is just a big naked guy carved in marble. This may sound dismissive but poor David has the misfortune of sharing tourists with a truly spectacular relic of the renaissance. The travel agents won't tell you about it but in a tiny brick building a few blocks away they've got Galileo's finger in a jar.
Only the bone remains after 360 years so it's not as nasty as it sounds but the morbidity of the memento has kept it out of the tourist brochures. The finger is on permanent display at the Museo di Storia del la Scienza (Museum of History of Science) in Florence, Italy. The middle digit of the great man's right hand points heavenward from its marble pedestal next to a display of his rudimentary leather telescopes.
A scientific cult had formed around Galileo during his life and grew with his passing. He became a symbol of defiance to the Roman Catholic Church's divine authority in general and the Spanish Inquisition in particular. It is sad to note that in his last brush with Papal authority he was made to recant his beliefs to avoid being burned at the stake for heresy. He was sentenced to live out his days in shame, under house arrest in his own home.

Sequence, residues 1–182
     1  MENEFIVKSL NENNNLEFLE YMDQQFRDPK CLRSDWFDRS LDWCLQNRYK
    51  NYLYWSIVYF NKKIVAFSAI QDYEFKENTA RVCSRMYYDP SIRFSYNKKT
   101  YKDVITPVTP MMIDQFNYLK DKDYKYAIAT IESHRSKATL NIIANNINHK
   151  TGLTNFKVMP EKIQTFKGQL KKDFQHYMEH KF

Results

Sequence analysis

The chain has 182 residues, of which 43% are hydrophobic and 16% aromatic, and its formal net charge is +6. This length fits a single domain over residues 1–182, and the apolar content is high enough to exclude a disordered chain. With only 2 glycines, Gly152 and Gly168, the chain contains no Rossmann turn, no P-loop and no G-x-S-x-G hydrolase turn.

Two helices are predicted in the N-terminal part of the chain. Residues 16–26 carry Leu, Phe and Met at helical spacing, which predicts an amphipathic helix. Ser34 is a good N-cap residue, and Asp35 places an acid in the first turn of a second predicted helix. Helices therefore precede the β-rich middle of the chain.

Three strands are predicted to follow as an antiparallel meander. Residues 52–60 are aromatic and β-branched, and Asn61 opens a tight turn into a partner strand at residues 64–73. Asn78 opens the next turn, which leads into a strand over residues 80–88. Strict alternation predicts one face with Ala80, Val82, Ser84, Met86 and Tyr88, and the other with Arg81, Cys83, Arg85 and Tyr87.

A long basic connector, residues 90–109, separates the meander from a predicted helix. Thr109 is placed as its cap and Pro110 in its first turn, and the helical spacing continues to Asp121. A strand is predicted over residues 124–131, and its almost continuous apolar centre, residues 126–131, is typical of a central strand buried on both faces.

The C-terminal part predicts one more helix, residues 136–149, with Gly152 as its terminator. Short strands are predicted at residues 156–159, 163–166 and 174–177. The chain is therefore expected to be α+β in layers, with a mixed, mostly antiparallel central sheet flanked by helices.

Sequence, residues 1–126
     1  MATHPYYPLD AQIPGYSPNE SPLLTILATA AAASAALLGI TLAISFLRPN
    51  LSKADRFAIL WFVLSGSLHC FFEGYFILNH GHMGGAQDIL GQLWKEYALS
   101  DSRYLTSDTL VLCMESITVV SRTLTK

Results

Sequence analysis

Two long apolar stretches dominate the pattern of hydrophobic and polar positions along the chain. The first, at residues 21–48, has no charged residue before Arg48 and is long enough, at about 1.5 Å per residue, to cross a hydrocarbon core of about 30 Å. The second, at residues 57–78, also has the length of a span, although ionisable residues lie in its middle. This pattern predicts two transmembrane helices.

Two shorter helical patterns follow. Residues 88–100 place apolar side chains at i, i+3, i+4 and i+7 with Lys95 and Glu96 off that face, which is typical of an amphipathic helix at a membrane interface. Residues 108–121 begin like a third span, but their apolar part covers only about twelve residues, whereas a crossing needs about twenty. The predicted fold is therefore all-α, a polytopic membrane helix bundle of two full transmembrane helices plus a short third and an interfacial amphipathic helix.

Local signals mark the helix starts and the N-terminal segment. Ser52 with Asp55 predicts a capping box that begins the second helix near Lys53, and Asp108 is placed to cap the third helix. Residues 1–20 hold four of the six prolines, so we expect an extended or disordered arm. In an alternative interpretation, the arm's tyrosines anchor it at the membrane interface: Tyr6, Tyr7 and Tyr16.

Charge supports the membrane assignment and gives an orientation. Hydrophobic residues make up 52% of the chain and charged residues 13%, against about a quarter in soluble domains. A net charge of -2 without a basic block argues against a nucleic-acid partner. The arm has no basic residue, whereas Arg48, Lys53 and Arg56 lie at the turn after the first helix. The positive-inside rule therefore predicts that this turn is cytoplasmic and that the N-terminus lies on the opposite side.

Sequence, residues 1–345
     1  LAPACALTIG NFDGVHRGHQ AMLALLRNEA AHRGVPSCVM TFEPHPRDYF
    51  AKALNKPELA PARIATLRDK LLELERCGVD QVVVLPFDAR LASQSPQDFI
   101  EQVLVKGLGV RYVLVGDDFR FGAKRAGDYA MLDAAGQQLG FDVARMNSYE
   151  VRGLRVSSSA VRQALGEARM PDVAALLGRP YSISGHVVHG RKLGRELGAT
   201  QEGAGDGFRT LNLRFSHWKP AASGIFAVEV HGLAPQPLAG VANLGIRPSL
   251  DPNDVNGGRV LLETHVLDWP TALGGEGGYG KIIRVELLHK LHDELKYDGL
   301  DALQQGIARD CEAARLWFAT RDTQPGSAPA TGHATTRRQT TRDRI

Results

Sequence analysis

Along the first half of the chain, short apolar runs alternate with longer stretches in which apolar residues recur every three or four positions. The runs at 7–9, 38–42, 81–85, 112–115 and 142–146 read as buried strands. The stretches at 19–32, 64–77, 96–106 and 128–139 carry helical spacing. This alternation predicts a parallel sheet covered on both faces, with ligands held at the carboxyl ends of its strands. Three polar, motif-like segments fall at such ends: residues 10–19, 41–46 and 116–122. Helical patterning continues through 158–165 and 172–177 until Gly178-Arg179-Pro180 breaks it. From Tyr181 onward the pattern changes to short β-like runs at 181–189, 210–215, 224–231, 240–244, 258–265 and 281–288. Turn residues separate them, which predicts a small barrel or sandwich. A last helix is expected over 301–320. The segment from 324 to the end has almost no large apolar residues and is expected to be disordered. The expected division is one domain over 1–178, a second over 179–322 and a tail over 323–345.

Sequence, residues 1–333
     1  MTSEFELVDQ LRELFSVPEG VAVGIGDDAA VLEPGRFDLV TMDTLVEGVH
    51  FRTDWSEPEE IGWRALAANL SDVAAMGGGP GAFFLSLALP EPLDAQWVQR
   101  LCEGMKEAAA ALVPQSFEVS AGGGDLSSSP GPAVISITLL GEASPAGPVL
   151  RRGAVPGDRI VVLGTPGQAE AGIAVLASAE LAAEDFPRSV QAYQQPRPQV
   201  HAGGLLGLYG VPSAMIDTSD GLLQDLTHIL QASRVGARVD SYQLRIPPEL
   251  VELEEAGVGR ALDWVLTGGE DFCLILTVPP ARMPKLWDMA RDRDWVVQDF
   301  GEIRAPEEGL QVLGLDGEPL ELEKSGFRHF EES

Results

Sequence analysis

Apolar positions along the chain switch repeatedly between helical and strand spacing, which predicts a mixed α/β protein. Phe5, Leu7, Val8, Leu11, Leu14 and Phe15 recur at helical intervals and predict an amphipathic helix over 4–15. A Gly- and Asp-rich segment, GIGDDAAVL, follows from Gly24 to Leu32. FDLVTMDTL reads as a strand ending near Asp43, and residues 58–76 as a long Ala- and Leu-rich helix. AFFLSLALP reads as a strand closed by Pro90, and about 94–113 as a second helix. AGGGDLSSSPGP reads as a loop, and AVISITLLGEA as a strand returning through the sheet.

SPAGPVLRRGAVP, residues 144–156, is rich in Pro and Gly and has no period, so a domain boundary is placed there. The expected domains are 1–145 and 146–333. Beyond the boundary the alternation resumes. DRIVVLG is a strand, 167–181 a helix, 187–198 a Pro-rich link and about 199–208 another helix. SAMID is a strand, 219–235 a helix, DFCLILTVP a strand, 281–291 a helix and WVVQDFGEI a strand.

Controversy over his various heresies prevented his burial within the church for nearly a century after his death. His body was kept in a small closet next to the chapel until the church granted him partial forgiveness and a mausoleum was built in the main body of the church of Santa Croce. Anton Francesco Gori snapped the finger off Galileo's body when his remains were transferred to the permanent crypt.
In 1979 Pope John Paul II requested that the Pontifical Academy of Sciences conduct an investigation into the case against Galileo. On October 31, 1992 the Roman Catholic Church lifted the verdict of heresy against the man who had been dead for more than 350 years.
Hand tooled leather telescopes sitting next to the actual finger that created them will captivate the casual observer. The poet will be moved to tears watching the great man point posthumous
ly toward the heavens that he himself first revealed. Galileo's finger holds the greatest appeal, however, to the student of history. The modern symbolism of the extended middle finger predates Galileo by more than a hundred years so the macabre exhibit
is really bawdy historical subtext.
The curator of the museum gave me a sly smile when I asked whether the finger was intentionally aimed toward Rome.
A photograph of Galileo's finger can be found here